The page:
(1.) "At least," states Lewin by way of qualification, "the [equivalence] relation of x and y dyads is hard to hear when we first hear the first theme, the first time through the exposition. But, I claim, the asserted [equivalence] relation has the potential for becoming audible, and in fact it does become audible, even highly significant, the second time through the exposition." While Lewin proceeds with a motivic analysis of the movement to prove his point, the analysis, insightful as it surely is, is irrelevant even to the weakened claim that x and y are potentially equivalent. To be sure, a potential relation of one type or another exists between any two intervals, and, as Lewin convincingly demonstrates, Chopin composes the movement in such a way so as to bring this generic potential to fruition in the case of x and y. Moreover, the choice of x and y was probably not arbitrary, given that they both descend, and (as Lewin notes) they both begin with the same pitch class, namely D1. However, unless x and y are potentially equivalent pitch-class intervals in the first place, a notion that is seriously questioned in the present article, the assertion "x and y belong to the same interval class" remains intuitively problematic, even in the context of Chopin's ingenious motivic network.

(2.) The notion that inversionally related pitch-class intervals are equivalent is sometimes misconstrued as a logical consequence of octave equivalence. For example, Castine (1994) writes as follows: "Since pitch classes embody octave equivalence, there is no way to determine which of two pitch classes is 'higher' than the other." [Footnote: "The reader familiar with Shepard scales will recognize a physical illustration of this idea."] "To make the point using traditional notation, consider the notes D[MUSICAL NOTES NOT REPRODUCIBLE IN ASCII] and A[MUSICAL NOTES NOT REPRODUCIBLE IN ASCII]. If we ignore register, there is no way to determine whether the interval is that of a perfect fourth or a perfect fifth. So, when dealing with pitch class, we must consider interval inversions to be equivalent" (29). But clearly, although a conceptually infinite number of distinct intervals can be spanned from D[MUSICAL NOTES NOT REPRODUCIBLE IN ASCII] (any D[MUSICAL NOTES NOT REPRODUCIBLE IN ASCII]) to A[MUSICAL NOTES NOT REPRODUCIBLE IN ASCII] (any A[MUSICAL NOTES NOT REPRODUCIBLE IN ASCII]), the class of all intervals from D[MUSICAL NOTES NOT REPRODUCIBLE IN ASCII] to A[MUSICAL NOTES NOT REPRODUCIBLE IN ASCII], is distinct from the class of all intervals from A[MUSICAL NOTES NOT REPRODUCIBLE IN ASCII], to D[MUSICAL NOTES NOT REPRODUCIBLE IN ASCII]. For example, the former class contains the ascending perfect fifth and the descending perfect fourth, whereas the latter class contains the descending perfect fifth and the ascending perfect fourth.

(3.) A ring is an algebraic structure consisting of a set and two operations, "addition" and "multiplication," where the latter is distributive over the former. A module is a composite algebraic structure consisting of a ring R, a group G, and a "multiplication" function from R x G into G.

(4.) Note that strengthening Definition 2.1 by assuming a distance invariant under transposition will not yield a unique distance either.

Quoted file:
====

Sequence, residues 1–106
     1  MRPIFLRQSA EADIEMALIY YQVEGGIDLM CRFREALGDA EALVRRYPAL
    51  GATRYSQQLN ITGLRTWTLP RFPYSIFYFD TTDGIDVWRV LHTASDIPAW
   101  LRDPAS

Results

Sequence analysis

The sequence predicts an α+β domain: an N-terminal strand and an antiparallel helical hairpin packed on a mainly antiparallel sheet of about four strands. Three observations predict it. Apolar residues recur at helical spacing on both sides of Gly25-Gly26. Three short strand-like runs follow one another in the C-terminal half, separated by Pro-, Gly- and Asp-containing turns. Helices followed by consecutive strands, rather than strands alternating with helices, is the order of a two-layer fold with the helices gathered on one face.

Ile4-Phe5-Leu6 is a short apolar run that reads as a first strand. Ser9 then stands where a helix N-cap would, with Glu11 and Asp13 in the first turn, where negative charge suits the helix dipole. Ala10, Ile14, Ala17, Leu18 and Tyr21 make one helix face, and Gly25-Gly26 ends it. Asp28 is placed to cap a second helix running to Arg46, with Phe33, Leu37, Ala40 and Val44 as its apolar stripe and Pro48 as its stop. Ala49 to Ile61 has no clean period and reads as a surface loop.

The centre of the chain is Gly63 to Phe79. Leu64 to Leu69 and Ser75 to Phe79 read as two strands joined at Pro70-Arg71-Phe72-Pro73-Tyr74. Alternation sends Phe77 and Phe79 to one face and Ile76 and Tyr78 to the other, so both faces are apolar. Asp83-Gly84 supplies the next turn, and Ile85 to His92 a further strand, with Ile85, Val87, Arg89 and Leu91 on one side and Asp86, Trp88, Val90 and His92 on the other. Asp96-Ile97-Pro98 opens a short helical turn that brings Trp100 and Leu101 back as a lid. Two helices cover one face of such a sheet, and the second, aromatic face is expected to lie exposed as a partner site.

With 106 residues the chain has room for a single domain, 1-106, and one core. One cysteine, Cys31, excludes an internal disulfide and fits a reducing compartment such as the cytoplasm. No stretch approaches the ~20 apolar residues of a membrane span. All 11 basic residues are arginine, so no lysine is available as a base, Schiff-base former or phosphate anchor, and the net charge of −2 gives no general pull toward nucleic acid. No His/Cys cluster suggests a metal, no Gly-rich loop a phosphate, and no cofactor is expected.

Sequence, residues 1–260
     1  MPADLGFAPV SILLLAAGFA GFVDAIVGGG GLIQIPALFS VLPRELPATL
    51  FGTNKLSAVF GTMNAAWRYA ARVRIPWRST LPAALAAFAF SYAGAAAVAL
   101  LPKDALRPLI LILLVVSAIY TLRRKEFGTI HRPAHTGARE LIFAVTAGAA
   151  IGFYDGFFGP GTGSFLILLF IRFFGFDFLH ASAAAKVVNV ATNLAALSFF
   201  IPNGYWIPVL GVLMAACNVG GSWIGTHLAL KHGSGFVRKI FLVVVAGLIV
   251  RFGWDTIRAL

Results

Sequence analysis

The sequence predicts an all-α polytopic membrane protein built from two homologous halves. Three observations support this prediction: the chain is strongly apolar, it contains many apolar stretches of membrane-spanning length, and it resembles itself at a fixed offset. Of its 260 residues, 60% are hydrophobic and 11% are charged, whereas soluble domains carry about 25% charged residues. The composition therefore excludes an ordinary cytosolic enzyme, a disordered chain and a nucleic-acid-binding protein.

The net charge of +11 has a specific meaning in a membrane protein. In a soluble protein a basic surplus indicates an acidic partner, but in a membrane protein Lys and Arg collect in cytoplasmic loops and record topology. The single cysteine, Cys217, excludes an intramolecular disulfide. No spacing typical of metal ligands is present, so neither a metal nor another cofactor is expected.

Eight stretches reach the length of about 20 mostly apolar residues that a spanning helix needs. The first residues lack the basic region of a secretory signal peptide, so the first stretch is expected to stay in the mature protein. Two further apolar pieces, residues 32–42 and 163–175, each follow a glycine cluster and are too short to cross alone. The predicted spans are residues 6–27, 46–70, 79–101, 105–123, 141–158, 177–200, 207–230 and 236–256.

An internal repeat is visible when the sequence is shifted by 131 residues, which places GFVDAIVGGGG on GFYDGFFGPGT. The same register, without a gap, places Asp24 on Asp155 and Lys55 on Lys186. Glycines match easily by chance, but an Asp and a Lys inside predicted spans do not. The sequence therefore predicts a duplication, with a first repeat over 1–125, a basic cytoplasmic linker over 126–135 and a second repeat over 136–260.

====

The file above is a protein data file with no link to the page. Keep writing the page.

(5.) "Absolute value" is a real-valued function satisfying four conditions: (1) \x\ [greater than or equal to] 0; (2) \x\ = 0 iff x = 0; (3) \x . y\ = \x\ . \y\; and (4) \x + y\ [less than or equal to] \x\ + \y\. Suppose that x, y are elements of [Z.sub.k], k [greater than or equal to] 2. From condition 2 (interpreted as \x\ = 0 iff x [equivalent to] 0) we have \k\ = \0\ = 0. Suppose k is not a prime. Then k can be factored into powers of primes. However, since \k= 0 it follows from condition 3 that the absolute value of at least one of these primes equals 0, which contradicts condition 2. Suppose k is a prime. From condition 3 we have \1\ = [\1\.sup.2], implying that \1\ = 1. By Fermat's "little" theorem (see LeVeque 1990, 43-4) we have, for any x [not equal to] 0, [x.sup.k-1] [equivalent to] 1 (mod k). By condition 3 we have \[x.sup.k - 1]\ = \1\ = [\x\.sup.k-1] = 1, implying that \x\ = 1 for any x [not equal to] 0.

(6.) Other analyses of Schoenberg's well-known piano piece include Wittlich (1972), Forte (1981), and Perle (1991). See also Haimo (1996). It is interesting to compare Straus's (1990) example 2-9 with Forte's (1981) example 5c (140).

REFERENCES

Castine, Peter. 1994. Set Theory Objects. Frankfurt: Peter Lang.

Forte, Allen. 1964. "A Theory of Set-Complexes for Music." Journal of Music Theory 8, no. 2: 136-83.

-----. 1981. "The Magical Kaleidoscope: Schoenberg's First Atonal Masterwork, Op. 11, No. 1." Journal of the Arnold Schoenberg Institute 5, no. 2 (November): 127-68.

Haimo, Ethan. 1996. "Atonality, Analysis, and the Intentional Fallacy." Music Theory Spectrum 18, no. 2 (Fall): 167-99.

LeVeque, William J. 1990. Elementary Theory of Numbers. New York: Dover. Original edition, Reading, Mass.: Addison-Wesley, 1962.

Lewin, David. 1987. Generalized Musical Intervals and Transformations. New Haven: Yale University Press.

Perle, George. 1990. The Listening Composer. Berkeley: University of California Press.

Straus, Joseph. 1990. Introduction to Post-Tonal Theory. Englewood Cliffs, New Jersey: Prentice Hall.

Wittlich, Gary. 1974. "Interval Set Structure in Schoenberg's Op. 11, No. 1." Perspectives of New Music 13, no. 1 (Fall-Winter): 41-55.

EYTON AGMON is a professor of music theory at Bar-Ilan University, Israel. He has published articles on various aspects of tonality and tonal music, including diatonicism, voice leading, and harmonic functionality. His latest efforts concern a reconciliation of a hierarchical, quasi-Schenkerian approach with traditional harmonic theory.